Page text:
Jump to content


Recommended Posts

Su-weet. Simply sweet! I like what I see.

Oh, and back to a night ago ... I will not soon forget the experience of my family here in western PA, via SlingBox watching the Reds win a game with a slam in the bottom on the 9th. There was much cheering and plenty of high-fives. Lovin' it.

Link to comment
Share on other sites

From Yahoo. They are throwing some really heavy names out there in comparison :o :

22-year-old Johnny Cueto fans 10 in debut, leads Reds to 3-2 win over Diamondbacks

CINCINNATI (AP)—While Johnny Cueto blew away batters with a 96 mph fastball, his Cincinnati Reds teammates compared memories about the last time they’d seen anyone so young look so good the first time out.

The consensus: This was something special.

Cueto allowed nothing more than Justin Upton’s solo homer in seven innings Thursday, striking out 10 in an overpowering debut while leading the Reds to a 3-2 victory over the Arizona Diamondbacks.

In modern baseball history—since 1900, that is—no Reds pitcher had fanned 10 batters in his big league debut.

Special indeed.

“The guys on the bench were saying they haven’t seen anything like this in a long time,” manager Dusty Baker said. “I guess it’s something they’ve never seen, and there’s a lot they still haven’t seen from this young man.”

To a man, the Diamondbacks have seen enough.

The 22-year-old right-hander threw his fastball right past batters who had never seen it, finishing them off with a hard slider or a swing-teasing changeup. He struck out eight of his first 13 batters.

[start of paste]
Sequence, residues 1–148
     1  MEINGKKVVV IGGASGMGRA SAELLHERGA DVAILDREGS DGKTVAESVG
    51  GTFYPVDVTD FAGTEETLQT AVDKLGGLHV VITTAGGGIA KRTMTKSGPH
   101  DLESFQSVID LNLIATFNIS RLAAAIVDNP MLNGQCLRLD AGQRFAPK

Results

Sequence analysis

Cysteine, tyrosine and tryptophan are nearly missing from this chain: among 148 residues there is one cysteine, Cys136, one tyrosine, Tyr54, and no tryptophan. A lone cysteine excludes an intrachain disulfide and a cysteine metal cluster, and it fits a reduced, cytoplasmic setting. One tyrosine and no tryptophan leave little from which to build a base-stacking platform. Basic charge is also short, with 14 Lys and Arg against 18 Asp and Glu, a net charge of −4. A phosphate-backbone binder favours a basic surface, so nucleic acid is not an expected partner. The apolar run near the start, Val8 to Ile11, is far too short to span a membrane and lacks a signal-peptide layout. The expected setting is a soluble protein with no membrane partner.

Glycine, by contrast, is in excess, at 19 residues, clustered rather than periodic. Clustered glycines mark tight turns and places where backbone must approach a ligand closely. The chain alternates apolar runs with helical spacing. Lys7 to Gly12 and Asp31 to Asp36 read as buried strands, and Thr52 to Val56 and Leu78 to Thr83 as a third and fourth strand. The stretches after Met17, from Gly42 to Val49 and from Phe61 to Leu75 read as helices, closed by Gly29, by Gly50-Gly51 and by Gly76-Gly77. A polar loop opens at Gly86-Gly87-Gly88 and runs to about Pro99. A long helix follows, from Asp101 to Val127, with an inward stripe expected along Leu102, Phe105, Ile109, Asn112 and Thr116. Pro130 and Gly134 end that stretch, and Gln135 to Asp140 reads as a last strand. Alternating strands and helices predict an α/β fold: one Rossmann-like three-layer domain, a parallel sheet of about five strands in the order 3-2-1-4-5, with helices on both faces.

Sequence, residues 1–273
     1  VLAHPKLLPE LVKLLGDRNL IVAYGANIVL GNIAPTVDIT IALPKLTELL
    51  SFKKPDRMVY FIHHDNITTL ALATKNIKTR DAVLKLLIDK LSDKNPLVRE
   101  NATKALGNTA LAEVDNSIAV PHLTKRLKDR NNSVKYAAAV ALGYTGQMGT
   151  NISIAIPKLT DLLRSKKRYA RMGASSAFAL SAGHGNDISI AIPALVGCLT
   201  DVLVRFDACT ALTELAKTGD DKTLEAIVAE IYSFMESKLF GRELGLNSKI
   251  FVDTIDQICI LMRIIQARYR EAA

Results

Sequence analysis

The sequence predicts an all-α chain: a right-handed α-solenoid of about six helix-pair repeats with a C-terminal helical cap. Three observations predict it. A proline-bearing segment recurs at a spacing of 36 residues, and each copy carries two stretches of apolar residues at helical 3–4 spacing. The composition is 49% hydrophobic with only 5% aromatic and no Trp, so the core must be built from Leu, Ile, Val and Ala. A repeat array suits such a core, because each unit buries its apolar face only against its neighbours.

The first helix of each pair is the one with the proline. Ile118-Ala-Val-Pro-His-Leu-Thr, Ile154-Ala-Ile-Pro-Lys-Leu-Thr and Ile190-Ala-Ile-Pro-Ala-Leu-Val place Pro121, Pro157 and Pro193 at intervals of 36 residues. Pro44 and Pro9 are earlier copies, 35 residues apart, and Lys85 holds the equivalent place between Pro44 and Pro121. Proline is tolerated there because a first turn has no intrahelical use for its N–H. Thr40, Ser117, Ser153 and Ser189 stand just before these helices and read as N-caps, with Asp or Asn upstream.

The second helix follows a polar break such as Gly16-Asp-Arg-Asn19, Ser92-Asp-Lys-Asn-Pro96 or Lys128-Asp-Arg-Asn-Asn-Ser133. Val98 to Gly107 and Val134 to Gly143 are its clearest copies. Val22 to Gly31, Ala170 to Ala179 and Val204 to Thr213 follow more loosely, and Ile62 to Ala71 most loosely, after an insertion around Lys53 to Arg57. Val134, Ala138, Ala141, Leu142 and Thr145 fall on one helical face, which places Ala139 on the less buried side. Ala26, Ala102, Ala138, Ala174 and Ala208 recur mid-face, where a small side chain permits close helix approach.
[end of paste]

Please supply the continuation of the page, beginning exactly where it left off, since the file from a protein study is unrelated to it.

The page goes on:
It reminded Baker of how Fernando Valenzuela became an overnight sensation with the Dodgers in the 1980s.

“He knows what he wants to do,” Baker said. “The way he was throwing the ball today has no age.”

The only glaring mistake: Upton led off the sixth with a homer. That was the only hit by a team that batted an NL-low .250 last season.

“He was unbelievable two years ago,” said Upton, who faced him once in Class A. “He’s got great stuff. He pounds the (strike) zone with it. He’s just a great pitcher. Obviously he made the team for a reason. He’s major league ready.”

Arizona’s Alex Romero had a sacrifice fly in the eighth, after reliever David Weathers walked the bases loaded. Francisco Cordero pitched the ninth for his first save since the Reds gave him a $46 million, four-year deal to fix their biggest shortcoming.

Then, Cordero handed Cueto his first big league keepsake.

“My big thing was to get three people out, get the save and hand the ball to him,” Cordero said.

Cueto doesn’t speak English comfortably, so former Reds pitcher Mario Soto— now a scouting assistant and spring training instructor—provided translation. Most of Cueto’s answers were short and to the point, just like his performance.

His feelings when he took the mound for the first time?

“Very confident,” Soto said. “Throw seven shutout innings. That’s what he had in mind.”

Soto, who also is from the Dominican Republic, knew Cueto’s performance was going to be big stuff in their homeland.